CDC Issues Malaria Alert After Cases In TX, FL
WASHINGTON, DC (IANS) – The US Centers for Disease Control and Prevention (CDC) has issued a health alert after five cases of malaria were reported in Texas and Florida in the last two months.
The alert was issued on June 26 to doctors, public health authorities, and members of the public, reports NBC News.
According to the CDC, the four cases in Florida and one in Texas are the first in 20 years to be acquired locally, meaning the infections were not linked to travel outside the country.
The last such local cases were identified in 2003 in Palm Beach County, Florida.
There is, however, no evidence to suggest that this year’s Florida and Texas cases are related, the CDC said, adding that the risk throughout the country remains extremely low.
“Malaria is a medical emergency,” the health body said, adding that all five patients have gotten treatment and are recovering.
Last week, the Texas Department of State Health Services confirmed the detection of the malaria case in a person who had spent time working outdoors, NBC News reported.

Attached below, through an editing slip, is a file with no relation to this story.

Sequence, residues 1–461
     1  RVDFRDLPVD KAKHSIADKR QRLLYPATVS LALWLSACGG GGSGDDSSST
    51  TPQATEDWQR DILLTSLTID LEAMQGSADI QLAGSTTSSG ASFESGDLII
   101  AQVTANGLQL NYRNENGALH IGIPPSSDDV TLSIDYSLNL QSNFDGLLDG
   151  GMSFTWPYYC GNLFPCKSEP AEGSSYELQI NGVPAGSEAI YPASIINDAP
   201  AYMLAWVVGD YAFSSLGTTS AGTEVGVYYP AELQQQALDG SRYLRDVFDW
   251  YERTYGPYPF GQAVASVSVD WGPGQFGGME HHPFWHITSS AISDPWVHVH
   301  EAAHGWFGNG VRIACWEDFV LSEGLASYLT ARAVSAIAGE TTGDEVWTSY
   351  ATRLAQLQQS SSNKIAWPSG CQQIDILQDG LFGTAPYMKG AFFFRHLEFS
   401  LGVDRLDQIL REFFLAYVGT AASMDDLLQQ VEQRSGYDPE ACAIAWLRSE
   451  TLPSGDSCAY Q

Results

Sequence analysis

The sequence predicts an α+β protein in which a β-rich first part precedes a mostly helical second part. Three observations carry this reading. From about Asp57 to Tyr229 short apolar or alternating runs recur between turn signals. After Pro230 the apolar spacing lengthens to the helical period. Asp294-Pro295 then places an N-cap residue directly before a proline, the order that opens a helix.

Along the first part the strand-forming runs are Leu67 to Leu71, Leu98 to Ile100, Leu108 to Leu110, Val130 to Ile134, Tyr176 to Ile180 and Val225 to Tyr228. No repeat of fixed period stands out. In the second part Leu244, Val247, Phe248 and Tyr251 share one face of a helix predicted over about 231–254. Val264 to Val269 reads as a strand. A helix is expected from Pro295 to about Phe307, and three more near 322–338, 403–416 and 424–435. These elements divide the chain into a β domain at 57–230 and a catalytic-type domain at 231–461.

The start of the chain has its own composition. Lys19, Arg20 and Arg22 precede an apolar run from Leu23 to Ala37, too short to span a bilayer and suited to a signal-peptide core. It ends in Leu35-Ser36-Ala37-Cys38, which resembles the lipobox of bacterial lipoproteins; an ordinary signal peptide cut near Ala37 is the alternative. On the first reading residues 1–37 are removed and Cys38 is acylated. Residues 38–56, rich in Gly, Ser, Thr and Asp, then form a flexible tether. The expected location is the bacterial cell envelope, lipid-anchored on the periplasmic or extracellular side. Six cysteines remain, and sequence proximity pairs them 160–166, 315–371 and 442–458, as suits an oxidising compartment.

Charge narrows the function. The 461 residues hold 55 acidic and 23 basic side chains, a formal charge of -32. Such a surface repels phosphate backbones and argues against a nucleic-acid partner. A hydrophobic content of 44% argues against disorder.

The person had not traveled outside the country or state.
The department advised Texas residents to protect themselves from mosquito bites by using insect repellant and wearing long sleeves and pants and further encouraged people to drain puddles, keep gutters clear, cover trash containers and regularly change the water in pet dishes and bird baths.
Also on June 26, the Florida Department of Health issued a state-wide mosquito-borne illness advisory, adding that all the four cases were reported in Sarasota County.
Before the Covid pandemic, the US saw around 2,000 cases of malaria each year, nearly all of which were detected in people who had traveled to other countries, the CDC said.
Around 5 to 10 people died annually, it added.